Allianz Field Update with Mortenson Construction

To get a construction status update for the 19,400-seat Allianz Field, the ALSD recently sat down with Mortenson Construction’s Greg Huber, whose firm is serving as the project’s general contractor and is also a minority owner of Minnesota United.

  • Greg Huber, Mortenson Construction

 

Allianz Field, the new Populous-designed stadium for Minnesota United FC, is taking shape, 40% of work completed at the time of this magazine’s editorial deadline.

Inspired by the Land of 10,000 Lakes (or 11,842 lakes to be specific) and the Northern Lights, the stadium’s exterior is reflective of the region’s natural beauty through the use of a translucent fabric, creating a new icon for the Twin Cities.

“In about nine or ten months, it’s going to look like a spaceship landed in St. Paul,” says Bryant Pfeiffer, Executive Vice President and Chief Revenue Officer for Minnesota United.

Iconic design elements are found inside the facility as well, highlighted by a diverse premium product portfolio, 2,800 safe-standing supporters spaces, and a canopy roof to protect all fans from the elements.

In a saturated venue marketplace experiencing fatigue for new builds, Allianz Field separates itself in one important way.

“The very first differentiator is the fact that we are not supported by any form of public financing whatsoever,” says Minnesota United CEO Chris Wright. “It’s a privately financed stadium, which is very unusual today.”

To get caught up on the state of construction, the ALSD recently sat down with Mortenson Construction’s Greg Huber, whose firm is serving as the Allianz Field project general contractor and is also a minority owner of Minnesota United. The transcript below has been lightly edited for clarity and abbreviated for space. To watch our interview with Greg Huber in its entirety, click on the video at the top of this page.

Can you provide a current overview of the project?

We started in June with the excavation for the project. We placed foundations starting in July. Concrete decks went into the fall. The building framework really started sprouting up with the steel starting right before Thanksgiving. And since Thanksgiving, we’ve been working on the structural steel frame, as well as the canopy. The canopy started getting set at the beginning of January, as well as the precast seating units.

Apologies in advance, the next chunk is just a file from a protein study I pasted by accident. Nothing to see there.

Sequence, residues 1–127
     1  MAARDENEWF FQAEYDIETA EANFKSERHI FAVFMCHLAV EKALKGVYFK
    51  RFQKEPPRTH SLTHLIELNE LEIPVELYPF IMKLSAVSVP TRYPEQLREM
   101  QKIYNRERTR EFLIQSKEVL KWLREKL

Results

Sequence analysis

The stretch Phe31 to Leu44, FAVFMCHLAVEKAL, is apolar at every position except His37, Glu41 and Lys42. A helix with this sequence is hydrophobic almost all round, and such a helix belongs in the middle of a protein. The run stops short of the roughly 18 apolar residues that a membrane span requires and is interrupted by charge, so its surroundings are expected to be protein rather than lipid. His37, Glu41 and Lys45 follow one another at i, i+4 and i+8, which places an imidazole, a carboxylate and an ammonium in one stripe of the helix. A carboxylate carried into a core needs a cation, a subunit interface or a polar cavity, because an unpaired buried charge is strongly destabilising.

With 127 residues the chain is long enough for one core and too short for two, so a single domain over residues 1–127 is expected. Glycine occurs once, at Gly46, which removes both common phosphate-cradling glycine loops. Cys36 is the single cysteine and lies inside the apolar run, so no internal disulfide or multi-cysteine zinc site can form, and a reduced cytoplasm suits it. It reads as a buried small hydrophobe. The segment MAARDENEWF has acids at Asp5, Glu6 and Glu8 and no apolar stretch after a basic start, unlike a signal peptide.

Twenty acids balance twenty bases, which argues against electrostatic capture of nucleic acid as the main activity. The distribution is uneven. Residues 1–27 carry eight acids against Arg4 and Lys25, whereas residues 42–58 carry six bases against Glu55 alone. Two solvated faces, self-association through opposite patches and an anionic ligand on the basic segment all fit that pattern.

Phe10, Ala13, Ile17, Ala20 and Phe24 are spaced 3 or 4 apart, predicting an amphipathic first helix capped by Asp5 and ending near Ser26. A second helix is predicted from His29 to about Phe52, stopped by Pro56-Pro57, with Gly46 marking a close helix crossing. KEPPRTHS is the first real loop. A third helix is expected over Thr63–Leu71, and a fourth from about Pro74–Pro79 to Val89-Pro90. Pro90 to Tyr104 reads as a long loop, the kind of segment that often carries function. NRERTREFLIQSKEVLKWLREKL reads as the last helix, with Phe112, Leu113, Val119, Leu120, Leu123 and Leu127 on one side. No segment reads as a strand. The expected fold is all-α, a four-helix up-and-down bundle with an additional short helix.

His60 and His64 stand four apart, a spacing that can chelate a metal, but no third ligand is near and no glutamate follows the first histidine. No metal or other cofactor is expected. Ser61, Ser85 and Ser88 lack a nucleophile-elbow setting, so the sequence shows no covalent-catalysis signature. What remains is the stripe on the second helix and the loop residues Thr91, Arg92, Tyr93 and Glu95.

What does the construction timeline look like now through next spring?

The main activities going on right now are all about structure. It’s all about getting the canopy in place, getting the precast in place on time, and then we’re doing a lot of work behind the temporary enclosure.

“The geometry of the exterior is certainly unique. It’s one of the more difficult geometries that we’ve tackled as a company.”

– Greg Huber, Mortenson Construction

Here in Minnesota, we’ve got to work hard to figure out the weather windows to make sure that we’re cost-efficient and we’re not spending a lot of money doing unnecessary heating. We’re very selective on what types of work go in the winter, and that’s why we’re doing structural steel because it doesn’t take a substantial amount of heat, whereas concrete construction takes much more heat to be protected in the deep winter.

What we’re doing now behind the partitions is building out the service level, a lot of the critical mechanical and electrical systems in the back of house that provide the heart of the building.

Things are going well. We’re on schedule to accomplish our critical milestones, including structural steel topping off in the middle of June. We’re going to start installing seats this summer. And our critical path for the project is really getting grass down by the middle of October. It all revolves around that, so that means the cranes have to be out of the bowl, and systems have to be tested so that the field can be constructed in the fall outside of the winter months and be ready to go by Halloween.

How are you ensuring this project remains on time and on budget?

There’s between 100 and 150 men and women working on the project on a daily basis. Early on, we were working six [ten-hour days] to catch up on some critical path scopes of work. Now we’re generally working five days a week with a couple of catch-up items on Saturdays.

Are there any other unique materials that are noteworthy in bringing this project to life?

A couple of things that the design team incorporated into this project are unique. The geometry of the exterior is certainly unique. It’s one of the more difficult geometries that we’ve tackled as a company, especially in sports construction. There are a lot of different driver tubes, or basically ribbon steel, that form the unique profile of the rain screen, so there's a large structural steel framework that is behind another unique material – PTFE, or polytetrafluoroethylene.

PTFE is being used in this way for the first time. They wanted to design a strong fabric, almost a super fabric, but make it translucent so that it could be aesthetically appealing and also be backlit. So we’ve been working with the design team as well as the manufacturer of the material to figure out what the material properties would be and what stresses it would then impose onto the structure. There’s been a lot of study in making that work, and we’re happy to say that the material is now starting to be fabricated in 10,000-square-foot sheets that’ll be delivered to the site, and we’ll be installing them in May through October. That’ll be unique in the industry, not just in stadium construction.

For more design best practices, join the ALSD at our 5th Annual Sports Venue Design & Build Forum, June 25-26, 2018.

 

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